Have you ever noticed that French people have this background knowledge that you simply don’t, no matter your level of French or how much vocabulary you know? It’s the same with any language!
Different cultures have different common experiences and stories that outsiders can only learn by being exposed to them!
Let’s dive in!
Les Fables de la Fontaine (La Fontaine’s Fables) are part of the common bedrock of French culture everyone knows about. That’s a good way for you to hack your way into conversations!
You’ll find a complete chapter about Les Fables de la Fontaine in Exercise Your French, a special course about French culture and everyday life, with my own commentary, a lot more content, and different tests according to your level.
Jean de La Fontaine collected fables from many sources, including many Aesop’s fables, and reworked them to create something completely new, using his talents: a mastery of the language, and a keen eye for human nature.
These fables were published around 1670, in the century of Louis the XIVth, the Sun King. They’re considered a classic of French literature. As such, they’ve been printed and reprinted–and illustrated with talent, by the famous Gustave Doré for instance.
My favorite edition, though, come from les éditions Taillandier (first published in 1906). They have very cute illustrations by Benjamin Rabier. (You can find them on the link above, or online, or even better, at your local bookstore.)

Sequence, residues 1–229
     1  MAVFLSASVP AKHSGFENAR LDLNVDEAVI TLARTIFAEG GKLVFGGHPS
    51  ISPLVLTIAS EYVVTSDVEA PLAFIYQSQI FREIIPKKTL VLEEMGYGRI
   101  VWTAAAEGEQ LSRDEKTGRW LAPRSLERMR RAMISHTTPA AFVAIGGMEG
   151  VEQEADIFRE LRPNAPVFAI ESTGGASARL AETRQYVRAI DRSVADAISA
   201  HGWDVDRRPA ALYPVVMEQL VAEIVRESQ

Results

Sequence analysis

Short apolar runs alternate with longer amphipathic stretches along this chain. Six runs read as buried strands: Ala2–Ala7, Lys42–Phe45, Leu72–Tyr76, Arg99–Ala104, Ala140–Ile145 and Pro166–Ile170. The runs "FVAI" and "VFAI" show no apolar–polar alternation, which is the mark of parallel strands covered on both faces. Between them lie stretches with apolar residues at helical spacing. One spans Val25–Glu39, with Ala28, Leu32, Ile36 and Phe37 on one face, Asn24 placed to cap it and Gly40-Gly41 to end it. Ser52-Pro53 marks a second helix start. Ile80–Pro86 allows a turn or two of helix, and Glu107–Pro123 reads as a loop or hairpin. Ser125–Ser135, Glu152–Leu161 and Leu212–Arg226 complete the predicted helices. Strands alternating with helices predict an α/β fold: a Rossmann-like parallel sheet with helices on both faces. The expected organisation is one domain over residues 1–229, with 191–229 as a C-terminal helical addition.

You can also simply , in French, but beware: they’re in an old-fashioned style of French, so they might be quite difficult to understand.
To explain the allegorical value of his fables, La Fontaine once said: “Je me sers d’animaux pour instruire les hommes” (= “I’m using animals, to teach people.”).
A famous French theater actor had quite recently a huge success reading these fables on stage: (for advanced learners only, as he speaks very fast.)
To be honest, most of these fables are now completely unknown. There are just too many of them!
However, nowadays, all school children are required to learn at least a few of the most famous ones. Such as the ones below.
1. Le Corbeau et le Renard
Le Corbeau et le Renard (= The Crow and the Fox) is one of the most famous fables. Really, every French person knows this fable, often by heart!
Synopsis: A crow has a cheese in his mouth. A sly fox comes by, flatters him into singing. The cheese falls, and the fox grabs it.
(Spoiler alert, by the way.)
La Fontaine’s fables usually end (or start) with une morale, the moral of the story.
Here, the moral comes from the fox’s mouth:
“Mon bon monsieur, apprenez que tout flatteur vit aux dépens de celui qui l’écoute.”